Crackdown at the Canadian border urged

Raid on Texas compound of fundamentalist group sparks calls for Canada to police the movement of 'celestial brides'

Globe and Mail, Canada/May 6, 2008

The raid on the remote Texas compound of the polygamist Fundamentalist Church of Jesus Christ of Latter Day Saints sparked calls yesterday for the Canadian government to crack down on the movement of young girls across the border for so-called celestial marriages.

The border crossing, minutes away from the polygamist community of Bountiful, B.C., does not consistently enforce passport controls, Audrey Vance, who lives near the border and is involved with an anti-polygamist group, said yesterday in an interview.

It's a quiet border in an agricultural area with much of the traffic going to the U.S. for shopping or for the casino. "We're never asked for a passport or ID [when returning to Canada]. It's so easy to come into Canada," Ms. Vance said. "You just drive up. ... They ask where you have been. You say shopping and they wave you on."

Ms. Vance lives in Creston, a town of about 5,000 located 13 kilometres north of the border at Rykerts, B.C.

Bountiful, with a population of about 1,000, is midway between Creston and the border. Ms. Vance is one of the founders of Altering Destiny Through Education, which has previously raised concerns with the federal government over alleged ruses U.S. women in the polygamous sect use to sidestep immigration requirements.

A Globe and Mail investigation last week discovered that a 17-year-old girl from Bountiful was among a group of 463 children and teenagers under 18 years old who were apprehended during the Texas raid on April. 3. Authorities say they found at the compound indications of sexual abuse and a pervasive pattern of grooming girls for underage sex with older men.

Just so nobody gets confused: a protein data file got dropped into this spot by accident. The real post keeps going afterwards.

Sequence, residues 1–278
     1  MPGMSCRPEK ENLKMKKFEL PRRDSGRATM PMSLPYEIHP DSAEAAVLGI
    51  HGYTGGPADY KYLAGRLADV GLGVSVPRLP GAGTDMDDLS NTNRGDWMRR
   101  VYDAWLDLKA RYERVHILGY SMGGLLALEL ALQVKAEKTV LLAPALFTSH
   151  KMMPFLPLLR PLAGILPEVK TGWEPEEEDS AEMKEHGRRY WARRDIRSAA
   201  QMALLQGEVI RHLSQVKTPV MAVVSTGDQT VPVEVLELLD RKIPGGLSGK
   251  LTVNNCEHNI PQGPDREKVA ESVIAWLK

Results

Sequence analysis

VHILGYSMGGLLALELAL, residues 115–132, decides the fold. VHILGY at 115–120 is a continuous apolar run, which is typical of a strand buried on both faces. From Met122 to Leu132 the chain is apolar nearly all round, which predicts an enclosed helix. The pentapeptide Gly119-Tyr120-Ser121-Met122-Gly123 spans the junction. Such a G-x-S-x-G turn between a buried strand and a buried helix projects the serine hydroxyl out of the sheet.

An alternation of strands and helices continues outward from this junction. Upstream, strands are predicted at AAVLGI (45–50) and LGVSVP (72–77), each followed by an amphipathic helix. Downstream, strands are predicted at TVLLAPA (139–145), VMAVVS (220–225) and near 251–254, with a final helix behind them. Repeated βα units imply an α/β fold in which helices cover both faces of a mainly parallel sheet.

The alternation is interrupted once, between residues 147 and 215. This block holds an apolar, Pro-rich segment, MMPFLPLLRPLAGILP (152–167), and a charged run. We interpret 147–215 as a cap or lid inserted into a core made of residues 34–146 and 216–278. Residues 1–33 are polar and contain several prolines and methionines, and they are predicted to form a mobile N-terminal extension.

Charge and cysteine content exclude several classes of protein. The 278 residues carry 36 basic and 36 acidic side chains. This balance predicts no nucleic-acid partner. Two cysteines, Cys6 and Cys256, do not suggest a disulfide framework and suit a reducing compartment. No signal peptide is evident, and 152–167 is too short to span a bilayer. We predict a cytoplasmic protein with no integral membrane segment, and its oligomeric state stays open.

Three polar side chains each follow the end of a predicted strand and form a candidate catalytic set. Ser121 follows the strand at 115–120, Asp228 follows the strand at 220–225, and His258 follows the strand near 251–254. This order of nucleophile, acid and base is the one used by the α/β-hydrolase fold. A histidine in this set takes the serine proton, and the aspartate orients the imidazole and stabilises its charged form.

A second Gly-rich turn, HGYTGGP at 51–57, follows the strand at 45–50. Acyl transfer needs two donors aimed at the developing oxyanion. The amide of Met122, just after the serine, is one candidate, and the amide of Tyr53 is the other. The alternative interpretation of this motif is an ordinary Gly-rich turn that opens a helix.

The Canadian girl's parents have said their daughter was at the Texas compound to visit her grandmother. Former FLDS women said in interviews the sect regularly sends young girls across the border, in both directions, for religious marriages to older men. The men are encouraged in the religion to have at least three wives. Former members say the movement of women across the border is akin to trafficking of young girls for sexual purposes.

"They [the federal government] have to start paying attention to the border," Ms. Vance said. The government should increase enforcement of border controls to stop the trafficking of women from the U.S. to the polygamist community, she added.

Paula Shore, a spokesperson for the Canada Border Services Agency, said in an interview she could not discuss any individual case for reasons of privacy.

But in general terms, she said, it is up to travellers at every crossing to satisfy border officers that they are genuine visitors to Canada. Although the Rykerts border is closed from midnight to 8 a.m. during the winter and from 11 p.m. to 7 a.m. in the summer, the border continues to be monitored, she said.

Also yesterday, Rosalind Prober, president of Beyond Borders, said a public inquiry should be called into the rights of children in Bountiful.

In 2005, the Winnipeg-based group urged the RCMP to press charges against Winston Blackmore, the former bishop of Bountiful, after one of his wives made comments about a 15-year-old child-bride of her husband. Ms. Prober said yesterday nothing ever came of the group's demand for criminal charges for sexual activity with a minor.

Canada will be on the spot in November at a world congress on sexual exploitation of children and adolescents in Rio de Janeiro, Ms. Prober said.

The trafficking of children will be a focus of the international meeting - sponsored by Brazil, Sweden, Japan, Unicef and two non-governmental organizations - and attention will be drawn to Canada's failure to deal with the child brides in the polygamist B.C. community, she said.

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